REVIEW | Renault's Triber offers affordability and practicality guaranteed


• The Triber is one of the latest new offerings from Renault.

• The seven-seater compact SUV is an affordable alternative vehicle.

• Pricing starts below R170 000.

• For more motoring stories, go to

It's a well-known fact that SUVs have taken the world by storm. But the Covid 19 pandemic caused a devastating impact on the motor industry; and people's ability to acquire their much-loved SUVs. 

So, the Renault Triber could not have come at a better time. 

It does qualify as an SUV (a mini one), it gives you a rugged look (in a softer kind of way), and it can accommodate up to seven people. 

Most importantly, it satisfies an essential concern around affordability. The Covid-19 pandemic has had a catastrophic impact on the economy, with many having to endure retrenchments and reduced salaries. 

The motor industry only resumed full operations in June. Data from the National Association of Automobile Manufacturers of South Africa (Naamsa) indicates an annual decline of 65% in new passenger vehicle sales in the second quarter of this year and a year on year decline of 100% in April 2020.

 Renault Triber

Image: Quickpic

But this devastating news brings some hope for vehicles like the Triber. Recent research shows that cars under the R200 000 range will increasingly be the category in which South African car sales will take place. The data shows that vehicles in the sub-R200K range are likely to do well, while a decline in sales will continue in cars that cost R300 000 and more. 

Engine, power and handling

The 2020 Renault Triber is powered by a 1.0-litre three-cylinder engine, which generates 53kW at 6250rpm and 96Nm at 3500rpm. The refinement of the engine stands out, and one is barely able to hear the motor. 

Questions have been raised about whether or not the Triber is adequately powered, but that question is a non-starter for a significant pocket of the market; especially in current economic conditions. It has what you need, and no one buying a car in this category is looking for a vehicle with earth-shattering power. No doubt one can expect sluggishness with a full load of passengers, but it's unlikely this car will be carrying maximum capacity too often. 

School and work runs will certainly dominate use for the Triber. I doubt drivers of this vehicle are likely to push it too hard, but if they were, it doesn't handle too badly, and the 15-inch wheels are a huge advantage. It does, no doubt, enhance handling. 

 Renault Triber
Image: Quickpic

There have been many critiques of the Kwid and its lack of adequate handling, but the Triber is a different kettle of fish; even though it may come out of the same factory. While the Kwid leaves you trembling at times, the Triber is smooth, and there is a refinement that one doesn't enjoy in the Kwid. 

Technologically I was impressed with the touchscreen with Apple CarPlay and Android Auto. One may not expect this in this category, but it also comes with keyless start with extra USB sockets and somewhat surprisingly, power windows and mirrors are also standard.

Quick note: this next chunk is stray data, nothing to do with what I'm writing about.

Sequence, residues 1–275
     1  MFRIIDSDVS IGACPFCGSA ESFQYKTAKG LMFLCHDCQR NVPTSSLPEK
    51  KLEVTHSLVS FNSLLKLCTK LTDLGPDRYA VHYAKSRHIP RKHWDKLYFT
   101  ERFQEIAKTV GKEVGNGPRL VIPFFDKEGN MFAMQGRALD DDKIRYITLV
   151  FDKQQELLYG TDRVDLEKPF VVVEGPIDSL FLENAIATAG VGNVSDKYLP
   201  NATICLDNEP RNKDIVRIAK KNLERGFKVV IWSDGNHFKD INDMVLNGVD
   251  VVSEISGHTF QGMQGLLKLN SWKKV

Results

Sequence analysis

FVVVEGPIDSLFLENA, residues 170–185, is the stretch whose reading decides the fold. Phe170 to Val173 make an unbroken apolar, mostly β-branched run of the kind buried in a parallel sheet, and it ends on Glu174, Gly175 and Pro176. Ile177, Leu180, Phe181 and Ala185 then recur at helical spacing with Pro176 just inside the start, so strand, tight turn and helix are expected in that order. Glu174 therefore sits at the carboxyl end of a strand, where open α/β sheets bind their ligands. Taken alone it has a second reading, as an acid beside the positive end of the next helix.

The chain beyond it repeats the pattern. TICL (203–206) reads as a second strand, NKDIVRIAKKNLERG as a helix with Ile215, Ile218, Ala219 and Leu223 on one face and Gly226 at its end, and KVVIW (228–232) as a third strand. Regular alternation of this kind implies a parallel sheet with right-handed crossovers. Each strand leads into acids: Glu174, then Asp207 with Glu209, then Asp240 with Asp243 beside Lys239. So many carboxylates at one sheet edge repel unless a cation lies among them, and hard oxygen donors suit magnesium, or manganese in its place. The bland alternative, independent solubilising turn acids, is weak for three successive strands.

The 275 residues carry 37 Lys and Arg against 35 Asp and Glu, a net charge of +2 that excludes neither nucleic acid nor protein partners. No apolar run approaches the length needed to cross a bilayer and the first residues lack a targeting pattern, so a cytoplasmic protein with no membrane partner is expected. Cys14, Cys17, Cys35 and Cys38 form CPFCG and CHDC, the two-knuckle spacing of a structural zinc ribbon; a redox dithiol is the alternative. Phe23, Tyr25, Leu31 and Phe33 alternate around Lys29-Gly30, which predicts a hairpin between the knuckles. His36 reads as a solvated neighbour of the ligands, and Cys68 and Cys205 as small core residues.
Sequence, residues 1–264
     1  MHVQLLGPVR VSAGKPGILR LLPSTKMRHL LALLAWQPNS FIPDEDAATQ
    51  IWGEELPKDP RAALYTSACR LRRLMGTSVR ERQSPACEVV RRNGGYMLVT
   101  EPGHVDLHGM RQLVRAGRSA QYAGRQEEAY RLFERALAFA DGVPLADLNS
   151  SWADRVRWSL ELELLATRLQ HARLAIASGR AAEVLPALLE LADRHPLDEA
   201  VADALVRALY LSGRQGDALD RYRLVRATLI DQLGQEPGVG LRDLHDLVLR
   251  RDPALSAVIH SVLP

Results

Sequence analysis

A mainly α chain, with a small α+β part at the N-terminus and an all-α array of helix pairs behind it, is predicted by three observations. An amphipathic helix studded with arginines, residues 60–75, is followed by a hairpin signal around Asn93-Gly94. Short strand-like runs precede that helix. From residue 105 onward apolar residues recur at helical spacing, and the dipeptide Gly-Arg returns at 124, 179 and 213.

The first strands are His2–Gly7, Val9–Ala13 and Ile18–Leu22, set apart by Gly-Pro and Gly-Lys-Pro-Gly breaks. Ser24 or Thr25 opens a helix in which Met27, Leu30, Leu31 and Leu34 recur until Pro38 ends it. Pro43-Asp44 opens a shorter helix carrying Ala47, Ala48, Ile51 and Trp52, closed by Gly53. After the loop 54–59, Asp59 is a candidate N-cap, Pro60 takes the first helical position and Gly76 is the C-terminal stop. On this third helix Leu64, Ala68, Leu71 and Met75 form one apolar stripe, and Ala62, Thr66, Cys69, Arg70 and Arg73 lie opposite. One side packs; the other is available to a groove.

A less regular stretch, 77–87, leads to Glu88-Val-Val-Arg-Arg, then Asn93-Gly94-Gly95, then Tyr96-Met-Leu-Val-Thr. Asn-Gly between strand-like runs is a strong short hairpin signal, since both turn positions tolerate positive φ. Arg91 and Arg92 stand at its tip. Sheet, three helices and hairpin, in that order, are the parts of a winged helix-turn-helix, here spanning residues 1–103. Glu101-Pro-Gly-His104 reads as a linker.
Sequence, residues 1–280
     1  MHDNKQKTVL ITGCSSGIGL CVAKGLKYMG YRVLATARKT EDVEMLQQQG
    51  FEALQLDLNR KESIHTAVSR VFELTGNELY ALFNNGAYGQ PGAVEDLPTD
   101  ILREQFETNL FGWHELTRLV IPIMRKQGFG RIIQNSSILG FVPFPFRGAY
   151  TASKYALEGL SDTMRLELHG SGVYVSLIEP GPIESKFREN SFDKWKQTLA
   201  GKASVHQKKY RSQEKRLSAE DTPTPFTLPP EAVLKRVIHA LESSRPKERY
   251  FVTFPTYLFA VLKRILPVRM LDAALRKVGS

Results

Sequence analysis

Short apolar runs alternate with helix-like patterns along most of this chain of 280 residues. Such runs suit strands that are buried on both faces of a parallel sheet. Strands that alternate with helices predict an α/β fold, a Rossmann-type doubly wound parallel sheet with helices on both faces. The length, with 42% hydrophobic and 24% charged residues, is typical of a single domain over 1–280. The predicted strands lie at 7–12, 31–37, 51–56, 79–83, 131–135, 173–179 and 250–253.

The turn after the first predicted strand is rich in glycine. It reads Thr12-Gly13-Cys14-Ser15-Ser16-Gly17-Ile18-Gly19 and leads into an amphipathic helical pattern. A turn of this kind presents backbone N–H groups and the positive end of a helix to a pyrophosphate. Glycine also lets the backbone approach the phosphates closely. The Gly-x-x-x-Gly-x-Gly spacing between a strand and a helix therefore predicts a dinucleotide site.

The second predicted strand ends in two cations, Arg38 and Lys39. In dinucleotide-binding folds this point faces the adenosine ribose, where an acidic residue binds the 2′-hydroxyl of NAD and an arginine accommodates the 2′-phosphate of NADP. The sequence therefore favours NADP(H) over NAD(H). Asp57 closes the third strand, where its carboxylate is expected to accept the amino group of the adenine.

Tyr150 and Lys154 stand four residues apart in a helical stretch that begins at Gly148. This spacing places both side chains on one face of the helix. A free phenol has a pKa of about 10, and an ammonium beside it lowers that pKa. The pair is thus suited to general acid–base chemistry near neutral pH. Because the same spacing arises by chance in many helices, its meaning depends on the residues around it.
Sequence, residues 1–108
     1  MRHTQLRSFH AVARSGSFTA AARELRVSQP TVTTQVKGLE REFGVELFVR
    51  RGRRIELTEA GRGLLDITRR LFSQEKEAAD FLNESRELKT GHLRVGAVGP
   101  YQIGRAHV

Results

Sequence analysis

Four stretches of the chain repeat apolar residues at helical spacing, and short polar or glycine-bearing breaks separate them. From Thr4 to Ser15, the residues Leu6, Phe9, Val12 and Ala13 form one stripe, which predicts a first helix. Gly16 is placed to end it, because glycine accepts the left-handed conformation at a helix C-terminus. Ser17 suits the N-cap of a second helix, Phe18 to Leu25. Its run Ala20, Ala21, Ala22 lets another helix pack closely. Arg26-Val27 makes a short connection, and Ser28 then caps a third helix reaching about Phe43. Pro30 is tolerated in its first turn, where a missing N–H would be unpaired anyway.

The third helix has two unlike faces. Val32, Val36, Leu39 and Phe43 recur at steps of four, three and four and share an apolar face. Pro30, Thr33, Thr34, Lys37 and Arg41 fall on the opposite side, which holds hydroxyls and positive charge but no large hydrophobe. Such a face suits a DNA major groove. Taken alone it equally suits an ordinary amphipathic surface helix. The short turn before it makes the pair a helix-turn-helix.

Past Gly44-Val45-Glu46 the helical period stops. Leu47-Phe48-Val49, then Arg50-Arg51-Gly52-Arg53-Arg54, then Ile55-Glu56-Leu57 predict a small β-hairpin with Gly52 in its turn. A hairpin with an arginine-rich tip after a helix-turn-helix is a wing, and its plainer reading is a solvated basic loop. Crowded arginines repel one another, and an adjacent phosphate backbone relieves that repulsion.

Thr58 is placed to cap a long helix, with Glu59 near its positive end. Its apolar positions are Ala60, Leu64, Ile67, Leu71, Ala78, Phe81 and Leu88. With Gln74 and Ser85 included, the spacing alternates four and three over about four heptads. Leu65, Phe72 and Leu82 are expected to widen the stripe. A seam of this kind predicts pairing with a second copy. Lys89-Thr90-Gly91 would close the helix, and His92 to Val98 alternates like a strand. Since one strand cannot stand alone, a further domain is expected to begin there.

The inside

The word practical comes to mind when one thinks of the various aspects of the Triber. Extra thought seems to have gone into making the inside practical. Additional space is a huge advantage when the seats are removed. 

According to the manufacturer, there are multiple options for seat positions (as many as 100) and 625l of luggage space is available when the seats are removed. So there's ample space for multiple large bags foe your overseas trip and even space for your mountain bike as you make your way to experience a new track along South Africa's beautiful countryside. 

It goes without saying that one wouldn't expect high-end materials for the interior, but the inside is aesthetically pleasing and not too shabby. It is plastic, but the finishes are finely manicured, and some soft material secures a hint of cosiness on the armrests of the seats.  

 Renault Triber
Image: Quickpic

Driving in Durban, one can appreciate the comprehensive air-conditioning – considering markets in South Africa and India an efficient AC system would undoubtedly be welcomed. 

Safety and pricing I've heard many talks about feeling unsafe in the Kwid, but ABS, two airbags in the Expression and Dynamique, four airbags in the Prestige, and rear park distance control add to the feeling of safety in the Triber.  The Global NCAP rating for the Kwid was not something to write home about, but much better is expected for the Triber; although it has not been tested yet.   

Pricing is as follows:

Renault Triber Expression 1.0-litre ENERGY  - R164 900
Renault Triber Dynamique 1.0-litre ENERGY - R174 900 
Renault Triber Prestige 1.0-litre ENERGY      - R189 900

The Triber comes with a two-year or 30 000km service plan, and a five-year or 150 000km mechanical warranty with a 15 000km service interval.

Disclaimer: Wheels24 encourages freedom of speech and the expression of diverse views. The views of contributors/columnists published on Wheels24 are therefore their own and do not necessarily represent the views of News24 or Wheels24. 

We live in a world where facts and fiction get blurred
In times of uncertainty you need journalism you can trust. For 14 free days, you can have access to a world of in-depth analyses, investigative journalism, top opinions and a range of features. Journalism strengthens democracy. Invest in the future today. Thereafter you will be billed R75 per month. You can cancel anytime and if you cancel within 14 days you won't be billed. 
Subscribe to News24